We agree that it would be important — if true. It is doubtful if a single statement made in the paragraph is true, or could be verified in any reasonable degree. The very caption is false, for Masons did not make America. America was made by the patriots of the Revolutionary period. Among the outstanding patriots were many Masons, but they were patriots first and Masons incidentally. The proportion of Masons engaged in the establishment of our country unquestionably was large in comparison with the meager Masonic population of the period, but there were plenty of patriots who fought valiantly and loyally and who contributed materially to the success of the colonies who were not members of the Craft.

Masonry has just cause for being proud of the part that its members took in the struggle for independence, but those who circulate unsubstantiated claims in this connection are doing a poor service to the Fraternity.

As a majority of good brethren do not have easy access to the facts — the facts which are so much more inspiring than the false and flamboyant claims too often made — a few of them are herewith set down as evidence that the truth is far more impressive than falsehood.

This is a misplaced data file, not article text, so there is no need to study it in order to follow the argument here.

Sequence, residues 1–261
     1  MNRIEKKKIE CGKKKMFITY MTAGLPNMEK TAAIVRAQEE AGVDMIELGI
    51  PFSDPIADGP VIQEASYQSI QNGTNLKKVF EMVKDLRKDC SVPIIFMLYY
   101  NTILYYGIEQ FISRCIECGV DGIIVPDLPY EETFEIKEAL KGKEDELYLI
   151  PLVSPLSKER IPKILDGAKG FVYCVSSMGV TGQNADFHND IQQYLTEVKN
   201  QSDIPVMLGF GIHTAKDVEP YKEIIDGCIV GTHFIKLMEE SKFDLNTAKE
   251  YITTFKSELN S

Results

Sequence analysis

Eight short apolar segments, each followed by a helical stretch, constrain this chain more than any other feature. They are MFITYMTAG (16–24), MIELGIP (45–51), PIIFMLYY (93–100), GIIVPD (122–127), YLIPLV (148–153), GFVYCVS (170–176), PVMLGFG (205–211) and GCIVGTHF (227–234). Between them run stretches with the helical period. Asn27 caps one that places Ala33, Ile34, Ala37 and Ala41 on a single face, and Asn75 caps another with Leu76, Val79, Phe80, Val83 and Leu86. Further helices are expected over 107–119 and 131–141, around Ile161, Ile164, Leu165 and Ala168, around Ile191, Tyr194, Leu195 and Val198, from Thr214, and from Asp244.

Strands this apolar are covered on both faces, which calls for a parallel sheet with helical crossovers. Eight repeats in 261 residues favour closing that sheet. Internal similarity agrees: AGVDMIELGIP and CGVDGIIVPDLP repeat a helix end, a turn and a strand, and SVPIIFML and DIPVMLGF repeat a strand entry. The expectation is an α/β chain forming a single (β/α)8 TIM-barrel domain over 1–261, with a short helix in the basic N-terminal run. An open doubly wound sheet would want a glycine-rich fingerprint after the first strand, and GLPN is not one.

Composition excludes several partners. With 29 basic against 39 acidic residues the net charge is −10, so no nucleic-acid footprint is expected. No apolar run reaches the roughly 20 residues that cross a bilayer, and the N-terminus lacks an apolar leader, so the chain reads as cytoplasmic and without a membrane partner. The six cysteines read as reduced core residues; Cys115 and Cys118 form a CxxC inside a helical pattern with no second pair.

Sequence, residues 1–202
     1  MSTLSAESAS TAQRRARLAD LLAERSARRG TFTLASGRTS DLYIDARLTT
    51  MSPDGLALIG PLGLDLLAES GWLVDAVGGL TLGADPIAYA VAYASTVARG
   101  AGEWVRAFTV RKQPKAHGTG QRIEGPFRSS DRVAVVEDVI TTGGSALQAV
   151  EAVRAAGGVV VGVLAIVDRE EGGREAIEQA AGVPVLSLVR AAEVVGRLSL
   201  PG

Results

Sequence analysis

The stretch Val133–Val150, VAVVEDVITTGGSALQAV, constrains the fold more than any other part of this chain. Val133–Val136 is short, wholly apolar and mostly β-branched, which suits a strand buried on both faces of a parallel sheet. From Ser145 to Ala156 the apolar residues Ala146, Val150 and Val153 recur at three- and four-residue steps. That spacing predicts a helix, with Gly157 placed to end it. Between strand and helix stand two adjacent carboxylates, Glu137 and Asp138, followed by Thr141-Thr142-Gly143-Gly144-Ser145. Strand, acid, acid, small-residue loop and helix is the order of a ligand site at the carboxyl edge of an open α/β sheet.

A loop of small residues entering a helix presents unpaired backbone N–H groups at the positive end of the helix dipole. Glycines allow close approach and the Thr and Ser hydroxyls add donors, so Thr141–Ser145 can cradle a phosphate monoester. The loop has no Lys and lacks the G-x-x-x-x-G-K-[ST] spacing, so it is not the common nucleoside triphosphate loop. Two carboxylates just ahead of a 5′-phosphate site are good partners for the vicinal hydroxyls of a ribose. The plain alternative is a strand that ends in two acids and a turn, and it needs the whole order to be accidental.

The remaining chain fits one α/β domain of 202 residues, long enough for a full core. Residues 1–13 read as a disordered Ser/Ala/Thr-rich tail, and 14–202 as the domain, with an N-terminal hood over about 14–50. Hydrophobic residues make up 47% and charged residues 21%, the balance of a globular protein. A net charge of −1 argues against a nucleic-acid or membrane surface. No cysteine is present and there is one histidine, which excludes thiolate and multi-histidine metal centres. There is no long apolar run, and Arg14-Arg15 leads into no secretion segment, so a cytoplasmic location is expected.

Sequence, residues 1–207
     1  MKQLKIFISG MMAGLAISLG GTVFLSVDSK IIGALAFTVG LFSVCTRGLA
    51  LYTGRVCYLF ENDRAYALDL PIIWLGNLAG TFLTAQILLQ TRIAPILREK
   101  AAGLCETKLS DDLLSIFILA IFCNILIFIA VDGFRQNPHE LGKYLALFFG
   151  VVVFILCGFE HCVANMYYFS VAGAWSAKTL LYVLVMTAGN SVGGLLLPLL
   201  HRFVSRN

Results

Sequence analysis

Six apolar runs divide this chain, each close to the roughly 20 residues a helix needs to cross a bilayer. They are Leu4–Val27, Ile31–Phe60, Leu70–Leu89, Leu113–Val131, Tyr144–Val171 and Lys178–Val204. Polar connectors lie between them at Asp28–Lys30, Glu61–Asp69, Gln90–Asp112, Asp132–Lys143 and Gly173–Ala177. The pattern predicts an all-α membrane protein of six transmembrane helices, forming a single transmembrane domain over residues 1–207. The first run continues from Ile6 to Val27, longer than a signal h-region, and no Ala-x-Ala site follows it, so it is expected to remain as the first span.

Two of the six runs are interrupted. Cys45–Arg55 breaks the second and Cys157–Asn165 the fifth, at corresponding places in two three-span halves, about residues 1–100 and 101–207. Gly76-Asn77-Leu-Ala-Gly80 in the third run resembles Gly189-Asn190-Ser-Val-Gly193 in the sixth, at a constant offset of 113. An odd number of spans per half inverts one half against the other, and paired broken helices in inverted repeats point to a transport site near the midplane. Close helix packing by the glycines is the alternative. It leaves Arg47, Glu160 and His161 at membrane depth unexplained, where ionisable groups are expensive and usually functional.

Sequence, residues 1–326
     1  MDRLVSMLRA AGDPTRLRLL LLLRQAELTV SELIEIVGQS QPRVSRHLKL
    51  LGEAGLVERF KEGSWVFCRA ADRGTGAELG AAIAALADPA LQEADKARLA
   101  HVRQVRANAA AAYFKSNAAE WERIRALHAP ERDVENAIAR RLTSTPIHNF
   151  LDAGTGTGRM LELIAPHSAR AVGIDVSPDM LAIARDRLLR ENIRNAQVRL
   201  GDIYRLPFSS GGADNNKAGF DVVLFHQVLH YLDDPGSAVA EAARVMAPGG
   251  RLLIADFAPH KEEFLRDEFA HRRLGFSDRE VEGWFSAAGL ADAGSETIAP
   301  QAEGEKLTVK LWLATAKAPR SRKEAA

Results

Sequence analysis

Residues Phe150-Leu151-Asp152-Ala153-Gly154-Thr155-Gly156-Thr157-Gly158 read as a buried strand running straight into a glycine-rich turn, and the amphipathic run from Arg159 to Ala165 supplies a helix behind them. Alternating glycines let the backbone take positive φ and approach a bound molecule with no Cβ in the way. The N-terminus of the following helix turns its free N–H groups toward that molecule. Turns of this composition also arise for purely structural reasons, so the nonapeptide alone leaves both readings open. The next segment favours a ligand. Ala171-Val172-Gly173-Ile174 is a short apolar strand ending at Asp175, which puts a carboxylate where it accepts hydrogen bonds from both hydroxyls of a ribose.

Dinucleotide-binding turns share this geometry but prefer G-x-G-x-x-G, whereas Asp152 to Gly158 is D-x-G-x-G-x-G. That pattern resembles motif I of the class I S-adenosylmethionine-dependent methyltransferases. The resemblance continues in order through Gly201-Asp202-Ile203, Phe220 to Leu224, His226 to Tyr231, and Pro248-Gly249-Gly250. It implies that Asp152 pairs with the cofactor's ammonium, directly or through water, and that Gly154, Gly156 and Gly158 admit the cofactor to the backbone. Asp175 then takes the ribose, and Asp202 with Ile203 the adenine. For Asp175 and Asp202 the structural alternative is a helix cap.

“A majority of the Presidents of the United States have been Freemasons.”

The statement is not true. Thirteen certainly and two more probably have been Freemasons. The certainties are Buchanan, Garfield, Harding, Jackson, Johnson, McKinley, Monroe, Polk, Theodore Roosevelt, Franklin D. Roosevelt, Taft, Truman, and Washington.

Jefferson and Madison were possibly — even probably — Freemasons, but the evidence is circumstantial, not direct. [Subsequent research has found no evidence that Thomas Jefferson or James Madison were Masons.]

Some of these were interested, ardent, working Freemasons. Jackson and Truman were grand masters, the only Presidents ever to become so.

Buchanan was Master of his lodge (lodge 43, Lancaster, Pennsylvania — the lodge has no name). He was appointed and served as district deputy grand master for three counties in his state.

Andrew Johnson was sufficiently interested in the Craft to become the first President to receive the degrees in the Scottish Rite. He participated in five Masonic cornerstone layings; as President, he gave leave to all Master Masons in government service in Washington, D.C. to attend the laying of the Masonic Temple cornerstone in 1868, and himself marched on foot in the Masonic parade. In Baltimore, laying the cornerstone of its Temple, he refused an offered chair saying, “we all meet upon the level.”